?Since Google provides so much traffic to sites they have found themselves in a position to dictate site design best practices,? he said.

?Google is taking this seriously and they are enforcing best practices that not only help their engines crawl your site, but make sure that search users arrive on useful and relevant content.?

Positive experiences
Marketers who adopt Google?s guidelines could see significant advantages beyond just better search placements.

Implementing Google's recommendation could help brands drive smartphone visitors to highly relevant content experiences, reduce bounce rate and increase site conversions.

In a blog post announcing the changes, Google highlighted two of the most common mistakes that marketers make in mobile SEO.

One of these is having faulty redirects, which happens when smartphone users are redirected from a desktop page to an irrelevant page on the smartphone optimized Web site.

For example, when all pages of a marketer?s desktop site redirect smartphone users to the home page of the smartphone optimized site, users often see irrelevant content as a result.

To avoid the problem, Google recommends marketers redirect smartphones users from a desktop page to its equivalent smartphone optimized page. If there is not an equivalent, it is better to show the desktop content than to redirect users to an irrelevant page, per Google.

"Optimizing sites for smartphones does not only mean building a separate mobile site or responsive design site,? said Aarin Murray, account specialist at iProspect. ?It could also mean configuring desktop sites to offer a positive mobile user experience.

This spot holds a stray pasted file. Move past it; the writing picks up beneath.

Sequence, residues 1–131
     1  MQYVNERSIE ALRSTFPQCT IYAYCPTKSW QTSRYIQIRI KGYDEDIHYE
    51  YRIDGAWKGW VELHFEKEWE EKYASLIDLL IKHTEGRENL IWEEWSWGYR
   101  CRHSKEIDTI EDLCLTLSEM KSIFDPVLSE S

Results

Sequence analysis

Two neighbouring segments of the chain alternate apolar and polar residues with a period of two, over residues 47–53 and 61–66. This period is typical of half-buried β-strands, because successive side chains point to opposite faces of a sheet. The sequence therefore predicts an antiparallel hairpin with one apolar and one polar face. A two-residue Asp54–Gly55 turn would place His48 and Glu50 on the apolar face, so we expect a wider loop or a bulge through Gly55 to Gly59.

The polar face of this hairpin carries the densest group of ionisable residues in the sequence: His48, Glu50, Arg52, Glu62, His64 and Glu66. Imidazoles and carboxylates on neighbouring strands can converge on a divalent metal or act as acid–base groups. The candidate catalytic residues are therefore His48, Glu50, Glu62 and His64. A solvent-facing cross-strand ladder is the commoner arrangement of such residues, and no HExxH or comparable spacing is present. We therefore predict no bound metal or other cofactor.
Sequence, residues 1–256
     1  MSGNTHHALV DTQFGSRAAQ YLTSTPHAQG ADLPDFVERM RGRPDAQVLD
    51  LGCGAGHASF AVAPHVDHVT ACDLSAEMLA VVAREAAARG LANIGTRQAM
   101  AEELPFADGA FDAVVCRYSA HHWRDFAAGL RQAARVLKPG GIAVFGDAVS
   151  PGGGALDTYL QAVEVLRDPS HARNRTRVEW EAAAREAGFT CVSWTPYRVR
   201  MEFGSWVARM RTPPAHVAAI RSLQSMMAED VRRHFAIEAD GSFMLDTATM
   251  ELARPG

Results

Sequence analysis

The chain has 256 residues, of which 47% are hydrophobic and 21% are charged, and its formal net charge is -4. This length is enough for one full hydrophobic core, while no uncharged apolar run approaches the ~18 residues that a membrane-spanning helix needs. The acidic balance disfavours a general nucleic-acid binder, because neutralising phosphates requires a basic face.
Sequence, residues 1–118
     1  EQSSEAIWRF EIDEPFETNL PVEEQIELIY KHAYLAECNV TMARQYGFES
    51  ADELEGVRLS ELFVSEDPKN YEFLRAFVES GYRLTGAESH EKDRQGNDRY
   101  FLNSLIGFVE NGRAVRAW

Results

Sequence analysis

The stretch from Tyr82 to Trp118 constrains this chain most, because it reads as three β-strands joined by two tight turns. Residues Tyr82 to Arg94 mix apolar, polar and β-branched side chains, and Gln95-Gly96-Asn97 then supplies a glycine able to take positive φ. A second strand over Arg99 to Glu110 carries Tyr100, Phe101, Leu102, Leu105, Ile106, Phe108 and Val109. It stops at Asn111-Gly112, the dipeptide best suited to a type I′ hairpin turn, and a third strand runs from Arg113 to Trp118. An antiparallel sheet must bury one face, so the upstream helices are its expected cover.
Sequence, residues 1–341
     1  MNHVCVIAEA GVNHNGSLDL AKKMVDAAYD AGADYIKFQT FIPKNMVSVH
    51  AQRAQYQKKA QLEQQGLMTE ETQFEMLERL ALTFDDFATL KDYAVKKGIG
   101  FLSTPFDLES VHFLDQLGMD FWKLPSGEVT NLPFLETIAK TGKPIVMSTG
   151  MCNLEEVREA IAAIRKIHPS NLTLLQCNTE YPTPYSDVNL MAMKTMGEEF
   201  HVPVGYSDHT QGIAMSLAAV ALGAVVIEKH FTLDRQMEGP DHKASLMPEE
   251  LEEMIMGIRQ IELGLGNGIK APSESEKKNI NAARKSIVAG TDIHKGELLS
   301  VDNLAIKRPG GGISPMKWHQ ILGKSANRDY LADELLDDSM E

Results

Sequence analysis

?Google?s post is about fixing common mistakes on mobile sites, not rebuilding new ones,? she said. ?It would first be wise to review the common configuration mistakes to make sure they do not apply to the site.

?From there, marketers can assess how a website could be altered to provide a better user experience. If it?s a website with a lot of content per page, it may be best to move to a separate m-dot site or responsive design site.?

Search shifts towards mobile
In another example, Google highlights several scenarios under which smartphone users see error messages and how to avoid this. For example, if a user is visiting a desktop page from a mobile device and the equivalent smartphone-friendly page is at a different URL, marketers should redirect users to the other URL and not serve an error page.

Google recommends that marketers test their sites on as many different mobile devices and operating systems as possible to avoid these common smartphone Web site misconfigurations and help ensure that users have a good experience.

?It could be argued that they should have known this was coming, given that mobile is looking to take over desktop search sometime in the near future,? iProspect?s Mr. Cipielewski said.

?Regardless of what webmasters should have been doing, it?s clear that the users are driving Google to respond with this new algorithm; soon we can say the market has shifted from a desktop market to a mobile market.?

Final Take
Chantal Tode is associate editor on Mobile Marketer, New York